To address a functional role of MAIR-I in immune responses, mast cells were loaded with [3H]serotonin and stimulated with an IgE mAb plus F(ab′)2 fragments of anti–MAIR-I mAb, followed by coligation with a common secondary reagent. As demonstrated in Fig. 5 C, cross-linking MAIR-I with anti–MAIR-I mAb inhibited IgE-mediated serotonin release from bone marrow–derived mast cells in a dose-dependent manner. These results indicate that MAIR-I transduces an inhibitory signal, resulting in suppression of mast cell degranulation triggered by FcεRI-mediated activation signals.
MAIR-II Associates with DAP12.
In contrast to MAIR-I, MAIR-II has a short cytoplasmic tail and a positively charged aa residue in the transmembrane domain. To test a noncovalent association of MAIR-II with an adaptor transmembrane protein, such as the FcεRIγ or DAP12, 293T cells, which express neither FcεRIγ nor DAP12, were transfected with MAIR-II cDNA and either FcεRIγ or DAP12. The transfectants were lysed in 1% digitonin buffer and immunoprecipitated with anti-FcεRIγ or anti-DAP12, and the isolated proteins were analyzed by immunoblotting with anti–MAIR-II. As demonstrated in Fig. 6 A, MAIR-II was coimmunoprecipitated with DAP12, but not with FcεRIγ, suggesting the physical association of MAIR-II with DAP12. Similary, MAIR-II was also coimmunoprecipitated with endogenous DAP12, but not FcεRIγ, in the lysates of mouse macrophage cells RAW after transfection with MAIR-II alone (Fig. 6 B). To confirm the physiological association of MAIR-II with DAP12 in primary cells, spleen cells were stimulated with LPS for 48 h, resulting in the up-regulation of MAIR-II expression of B cells and macrophages (unpublished data). The stimulated spleen cells were lysed in 1% digitonin buffer and immunoprecipitated with anti-FcεRIγ or anti-DAP12. Immunoblotting of the isolated proteins with anti–MAIR-II again demonstrated the coimmunoprecipitation of MAIR-II with the DAP-12, but not with the FcεRIγ (Fig. 6 C), indicating that DAP12 is the physiological partner for MAIR-II of stimulated B cells and/or macrophages in the spleen. These results were in agreement with the observation that DAP12 expression on cell surface of 293T cells depended on the expression of MAIR-II, although MAIR-II does not require DAP12 for cell surface expression (Fig. 6 D).
MAIR-II Stimulates Proinflamatory Cytokines and Chemokine Secretions from Macrophages.
Because macrophages abundantly express DAP12 (34), we investigated a functional role of MAIR-II–mediated signaling in immune responses by macrophages. Macrophage cells, RAW, were transfected with Flag-tagged MAIR-II cDNA at the NH2 terminus and stimulated with control Ig or anti-Flag. Cross-linking MAIR-II with anti-Flag significantly stimulated the production of TNF-α from the transfectants (Fig. 7). We further examined whether MAIR-II mediates TNF-α secretion from primary macrophages from peritoneal cavity. As shown in Fig. 7, TNF-α secretion from peritoneal macrophages was significantly increased upon cross-linking of MAIR-II. Similarly, engagement of MAIR-II stimulated IL-6 and MCP-1 secretions from peritoneal macrophages (Fig. 7). However, we did not observe a significant increase of IL-12 secretion from peritoneal macrophages after cross-linking MAIR-II (unpublished data). These results suggest that MAIR-II mediates activation signal in macrophages, leading to cytokine and chemokine secretion from macrophages.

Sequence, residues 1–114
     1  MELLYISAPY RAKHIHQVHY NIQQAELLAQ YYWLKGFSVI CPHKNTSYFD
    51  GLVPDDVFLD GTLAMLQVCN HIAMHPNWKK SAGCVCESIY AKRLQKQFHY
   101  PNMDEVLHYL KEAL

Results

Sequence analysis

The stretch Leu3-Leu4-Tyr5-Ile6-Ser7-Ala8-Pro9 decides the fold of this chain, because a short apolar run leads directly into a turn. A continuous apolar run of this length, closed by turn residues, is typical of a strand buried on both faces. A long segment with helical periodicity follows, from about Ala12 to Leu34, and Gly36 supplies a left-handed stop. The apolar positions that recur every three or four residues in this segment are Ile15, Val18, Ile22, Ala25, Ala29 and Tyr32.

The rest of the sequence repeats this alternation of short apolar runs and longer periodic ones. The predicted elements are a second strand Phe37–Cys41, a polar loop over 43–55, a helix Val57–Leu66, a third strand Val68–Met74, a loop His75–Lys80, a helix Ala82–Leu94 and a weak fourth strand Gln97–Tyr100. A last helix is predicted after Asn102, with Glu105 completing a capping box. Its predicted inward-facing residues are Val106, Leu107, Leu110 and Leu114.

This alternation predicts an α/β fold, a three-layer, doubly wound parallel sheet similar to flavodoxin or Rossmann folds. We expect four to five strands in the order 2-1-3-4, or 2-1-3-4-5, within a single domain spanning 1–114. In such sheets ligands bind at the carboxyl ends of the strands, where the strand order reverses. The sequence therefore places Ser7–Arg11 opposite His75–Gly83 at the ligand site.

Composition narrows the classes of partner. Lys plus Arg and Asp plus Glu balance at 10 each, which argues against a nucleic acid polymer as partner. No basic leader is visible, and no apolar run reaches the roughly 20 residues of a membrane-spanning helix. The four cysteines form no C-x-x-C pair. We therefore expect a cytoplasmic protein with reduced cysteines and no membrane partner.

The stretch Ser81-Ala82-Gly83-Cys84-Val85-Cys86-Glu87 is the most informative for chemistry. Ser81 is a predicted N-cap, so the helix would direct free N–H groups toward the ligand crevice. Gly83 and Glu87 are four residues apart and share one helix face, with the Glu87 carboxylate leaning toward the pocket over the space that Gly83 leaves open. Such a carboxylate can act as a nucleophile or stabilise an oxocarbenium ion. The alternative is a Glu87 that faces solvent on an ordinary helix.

Expression of DAP12 in B Cells.
Although human primary B cells and a mouse B cell line also express DAP12 transcript (35, 36), there has been no paper reporting that primary mouse B cells express DAP12. To investigate the functional role of MAIR-II on B cells, we examined whether spleen B cells express DAP12. B cells were highly fractionated from spleen cells stimulated with LPS according to MAIR-II expression by repeating sorting on flow cytometry (>99.8% purity, as determined by reanalysis by flow cytometry) and subjected to semiquantitative RT-PCR. As demonstrated in Fig. 8 A, both fractions of B cells express DAP12 transcript. To further examine whether B cells express DAP12 protein, DAP12 was immunoprecipitated from purified B cells before or after stimulation with LPS for 24 h and immunoblotted with anti-DAP12. Although DAP12 protein was undetectable in primary resting B cells, we observed a significant up-regulation of DAP12 protein expression in stimulated B cells (Fig. 8 B). These results suggest that MAIR-II associates with DAP12 (also on B cells, at least in the activated state with LPS), resulting in MAIR-II–mediated signaling in B cells.
Paired activating and inhibitory Ig-like receptors have attracted widespread interest because they are expressed on a variety of immune cell types and facilitate activation or deactivation of immune responses. Although most genes encoding these receptors are located on human chromosome 19q13.4 or its syntenic region on murine chromosome 7 (6), MAIR-I and MAIR-II genes are mapped to a unique location on murine chromosome 11E2, suggesting that the MAIR is a novel family of paired activating and inhibitory receptors.
The regulatory mechanism of paired activating and inhibitory receptor expressions on the cell surface is quite an important concept to be clarified; these receptors may play opposite roles in immune responses upon binding to their, sometimes common, ligand(s). However, their protein expression profiles on immune cells remain largely unknown, mainly because of lacking mAbs which distinguish between these paired receptors containing highly conserved extracellular domains each other. This is the case also in CMRF-35-H9 and CMRF-35 (31), possible human homologues of MAIR-I and MAIR-II, respectively.